We're in a civil war, not one fought with bombs and tanks and rifles, but fought in the culture itself. And the old guard - white people like me, especially males -- is resisting it tooth-and-nail. The new guard -- everybody else -- is pushing hard, probably too hard and too fast. But that's how things get done in the US. So that's why we had the Southern Democrats turn into the Southern Republicans, that's why we saw Congress basically turn the economy toward favoring the rich and connected to a greater extent than ever before, and that's why we have the "gun culture" that has literally exploded before my eyes. It's like the Doomsday Preppers stuff -- when I was a kid, we always talked about Doomsday, brought to you courtesy of thermonuclear war. We were always 30 minutes away from annihilation, so yeah, we talked about it == and then we went on with our lives. The Preppers, with a far more nebulous Doomsday, are taking concrete and excessive steps to prepare. Prepare for what is a good question, and their answers run a wide gamut of things -- none of them actually realistic.

So we have this incredible social tension, between the people who are fine with blacks and women and gays being treated like everyone else, and the people who resent losing their status as secure first-class citizens in a supposedly-classless society. If you thought the 1960s were full of extremists, you're not paying attention to the lunatics of the 21st Century.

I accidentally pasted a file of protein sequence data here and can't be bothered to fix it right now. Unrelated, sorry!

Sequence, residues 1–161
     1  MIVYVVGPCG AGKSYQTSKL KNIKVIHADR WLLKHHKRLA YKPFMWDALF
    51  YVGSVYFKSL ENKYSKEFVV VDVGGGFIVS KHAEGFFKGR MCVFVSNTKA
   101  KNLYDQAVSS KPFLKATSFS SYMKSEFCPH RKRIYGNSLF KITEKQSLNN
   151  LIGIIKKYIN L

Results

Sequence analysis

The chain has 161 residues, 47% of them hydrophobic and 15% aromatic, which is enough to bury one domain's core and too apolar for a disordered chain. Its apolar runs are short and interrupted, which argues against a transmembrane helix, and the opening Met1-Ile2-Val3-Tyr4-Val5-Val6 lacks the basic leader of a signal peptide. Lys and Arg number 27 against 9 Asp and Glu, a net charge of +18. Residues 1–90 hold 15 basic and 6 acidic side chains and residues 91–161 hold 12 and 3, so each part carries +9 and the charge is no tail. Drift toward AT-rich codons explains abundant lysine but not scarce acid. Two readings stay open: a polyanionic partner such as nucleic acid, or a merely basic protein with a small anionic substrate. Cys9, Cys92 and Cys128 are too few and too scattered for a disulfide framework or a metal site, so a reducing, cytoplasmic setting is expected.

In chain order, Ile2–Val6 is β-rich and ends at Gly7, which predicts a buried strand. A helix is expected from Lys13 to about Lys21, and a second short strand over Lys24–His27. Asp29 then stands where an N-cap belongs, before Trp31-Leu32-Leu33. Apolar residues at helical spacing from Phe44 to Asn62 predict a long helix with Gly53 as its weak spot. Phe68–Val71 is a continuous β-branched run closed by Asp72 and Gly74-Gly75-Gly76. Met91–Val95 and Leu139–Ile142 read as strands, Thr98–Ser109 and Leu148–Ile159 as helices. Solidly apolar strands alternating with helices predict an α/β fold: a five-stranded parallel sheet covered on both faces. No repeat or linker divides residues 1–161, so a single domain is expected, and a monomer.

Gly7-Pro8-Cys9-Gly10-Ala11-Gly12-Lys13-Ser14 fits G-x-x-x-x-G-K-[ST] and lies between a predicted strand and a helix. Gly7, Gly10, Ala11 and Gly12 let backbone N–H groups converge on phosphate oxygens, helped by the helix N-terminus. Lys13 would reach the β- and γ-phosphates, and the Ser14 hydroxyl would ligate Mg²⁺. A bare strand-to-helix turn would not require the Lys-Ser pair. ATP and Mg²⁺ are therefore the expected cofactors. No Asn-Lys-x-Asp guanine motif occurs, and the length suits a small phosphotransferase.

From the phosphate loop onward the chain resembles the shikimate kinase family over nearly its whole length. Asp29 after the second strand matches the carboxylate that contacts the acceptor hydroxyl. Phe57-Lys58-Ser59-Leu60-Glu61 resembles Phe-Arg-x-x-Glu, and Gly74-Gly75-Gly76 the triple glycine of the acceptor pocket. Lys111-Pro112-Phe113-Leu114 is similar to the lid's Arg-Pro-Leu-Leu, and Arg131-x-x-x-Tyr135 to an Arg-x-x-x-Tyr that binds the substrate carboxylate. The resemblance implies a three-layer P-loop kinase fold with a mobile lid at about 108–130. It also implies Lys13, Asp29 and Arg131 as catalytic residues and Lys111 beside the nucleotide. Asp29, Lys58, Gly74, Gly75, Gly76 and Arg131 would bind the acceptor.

Yeah, there really isn't a point to this, just a lot of meandering nonsense strung together. That's how I feel right now, so sue me. I hate that black men are automatically considered criminals by most of their fellow citizens, not just the cops. I hate it that five cops just doing their jobs were shot down in the streets for no reason at all. I hate it that Congress has basically given itself a pass to do nothing except draw a paycheck. I hate it that we have the two worst candidates for president in my lifetime. I hate it that we have the 24/7 news channel that relies too much on people paid to rachet up controversy and discord instead of have discussions on issues. I hate it that they still do drug tests where I work -- it sure would be nice to sit back and smoke a joint with my beautiful wife while we watch the sun set over the hedges in the backyard.